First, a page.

“I understand.” Skinner nodded. “Fox – go and get my strap,” he ordered. Mulder stood there for a moment, not wanting to obey. O’Neal chuckled, and shook his head.


“Run along, laddie, and do as your pa says. It’ll be over quicker that way,” he said, with a wink. Mulder chewed on his lip, and finally turned on his heel and walked slowly back into the house. He took the hated strap off the hook and shuddered, remembering his last whipping all too vividly. He began walking back outside, to where Skinner was still talking with O’Neal, but his footsteps got slower and slower until he finally stopped. Skinner turned around and saw him, beckoning him impatiently, and suddenly, without thinking, Mulder dropped the strap and began to run.


He ran fast, knowing even as he did so that this had to be a really bad mistake. A few seconds later he heard the sound of a horse’s hooves behind him, and then he felt himself picked up by the scruff of his neck and thrown unceremoniously over the front of O’Neal’s saddle.


“Now you’re going to be thrashed, laddie, so I’d take it with good grace if I were you.” O’Neal chuckled, holding him tight and trotting back to where Skinner was waiting, holding the strap. Mulder’s heart sank in dread. “It’s not as if you don’t deserve it.” O’Neal told him, plucking him off the saddle, and handing him bodily to Skinner.


“I’ll leave this young rascal to you! I wouldn’t like to be in your shoes right now, Fox, laddie!” O’Neal winked and turned his horse around, galloping out of sight.


Mulder’s feet didn’t touch the ground. Skinner placed one foot on the low wall, and threw Mulder over his knee, yanking his pants and shorts down with one hand, while his other held Mulder steady. Mulder began to struggle and yell, but Skinner was too angry to be thwarted, and the strap rose and fell, planting 6 red hot welts across Mulder’s wriggling buttocks in quick succession.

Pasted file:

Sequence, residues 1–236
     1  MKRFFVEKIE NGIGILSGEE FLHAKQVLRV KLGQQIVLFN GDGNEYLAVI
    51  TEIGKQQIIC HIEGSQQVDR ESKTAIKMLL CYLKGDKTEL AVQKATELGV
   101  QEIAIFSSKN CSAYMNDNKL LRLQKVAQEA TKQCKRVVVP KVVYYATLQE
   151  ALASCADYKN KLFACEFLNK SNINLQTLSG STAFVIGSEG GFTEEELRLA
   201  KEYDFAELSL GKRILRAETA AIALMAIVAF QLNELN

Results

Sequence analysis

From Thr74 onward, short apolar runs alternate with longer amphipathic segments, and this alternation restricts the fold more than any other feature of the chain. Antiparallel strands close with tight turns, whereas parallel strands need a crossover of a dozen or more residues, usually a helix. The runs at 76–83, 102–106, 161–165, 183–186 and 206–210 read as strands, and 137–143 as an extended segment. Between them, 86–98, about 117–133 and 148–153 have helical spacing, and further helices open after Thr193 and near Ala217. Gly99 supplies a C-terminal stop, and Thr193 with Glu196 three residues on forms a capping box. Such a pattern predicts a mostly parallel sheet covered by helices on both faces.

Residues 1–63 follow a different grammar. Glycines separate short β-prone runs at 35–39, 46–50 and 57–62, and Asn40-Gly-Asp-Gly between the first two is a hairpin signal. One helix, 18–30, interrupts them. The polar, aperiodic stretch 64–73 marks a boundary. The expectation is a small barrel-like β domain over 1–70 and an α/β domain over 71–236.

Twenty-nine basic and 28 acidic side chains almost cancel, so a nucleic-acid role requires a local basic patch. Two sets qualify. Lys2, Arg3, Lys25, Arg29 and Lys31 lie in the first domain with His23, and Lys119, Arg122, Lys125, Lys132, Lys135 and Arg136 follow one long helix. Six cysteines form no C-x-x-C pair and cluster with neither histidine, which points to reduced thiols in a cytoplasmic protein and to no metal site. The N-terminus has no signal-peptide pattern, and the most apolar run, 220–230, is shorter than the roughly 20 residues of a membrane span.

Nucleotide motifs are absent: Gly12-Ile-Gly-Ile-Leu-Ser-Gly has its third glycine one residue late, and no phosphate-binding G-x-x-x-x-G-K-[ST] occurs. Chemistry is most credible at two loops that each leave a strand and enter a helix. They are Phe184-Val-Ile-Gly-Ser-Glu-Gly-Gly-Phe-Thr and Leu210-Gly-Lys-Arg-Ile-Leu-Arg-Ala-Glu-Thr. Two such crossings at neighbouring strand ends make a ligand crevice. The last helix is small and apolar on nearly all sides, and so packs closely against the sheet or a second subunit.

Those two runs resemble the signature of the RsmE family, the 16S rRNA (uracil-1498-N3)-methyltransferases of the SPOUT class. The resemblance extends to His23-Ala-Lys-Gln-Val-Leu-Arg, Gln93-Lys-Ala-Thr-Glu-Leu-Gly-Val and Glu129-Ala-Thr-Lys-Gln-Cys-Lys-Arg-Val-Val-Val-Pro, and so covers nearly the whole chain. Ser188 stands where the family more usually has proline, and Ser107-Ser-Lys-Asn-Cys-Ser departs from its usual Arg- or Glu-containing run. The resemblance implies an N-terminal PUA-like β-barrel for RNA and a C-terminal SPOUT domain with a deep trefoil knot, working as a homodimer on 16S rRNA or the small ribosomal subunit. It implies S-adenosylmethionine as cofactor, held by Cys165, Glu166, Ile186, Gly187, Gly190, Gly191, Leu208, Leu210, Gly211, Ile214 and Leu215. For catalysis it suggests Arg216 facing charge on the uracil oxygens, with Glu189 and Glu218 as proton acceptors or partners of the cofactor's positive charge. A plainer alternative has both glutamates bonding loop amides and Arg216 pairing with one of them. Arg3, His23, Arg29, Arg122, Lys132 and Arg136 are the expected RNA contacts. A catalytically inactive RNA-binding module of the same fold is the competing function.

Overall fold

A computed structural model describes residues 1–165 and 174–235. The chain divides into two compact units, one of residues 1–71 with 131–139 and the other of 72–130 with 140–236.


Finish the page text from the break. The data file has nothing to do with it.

“Ow…stop! Stop…it hurts!” Mulder yelled.


“Like that poor animal hurt.” Skinner replied tersely, bringing the strap down again another half a dozen times with vicious precision. Mulder began to sob, as each blow hit its target.


“Unnnh! Owwww! I’m sorry…” He cried. Skinner replaced him on the ground, and looked into Mulder’s tear-stained face.


“Inside.” He said, gesturing to the house. He stalked back, and Mulder adjusted his clothing, standing by the wall, uncertainly. He hadn’t been whipped as hard as he was expecting, and he wasn’t sure why Skinner wanted him to return to the house. Skinner paused at the door, and turned around, frowning when he saw that Mulder hadn’t obeyed him. He beckoned slowly with his finger.


“Now, Fox!” He boomed. Mulder started, and immediately hurried over to the big man, sidling past him, scared of receiving another swat on his tender backside. Much to his relief, Skinner replaced the strap on the wall. “I am extremely angry with you,” Skinner told him. Mulder shrank in size almost visibly at the big man’s words.


“I’m sorry, sir.”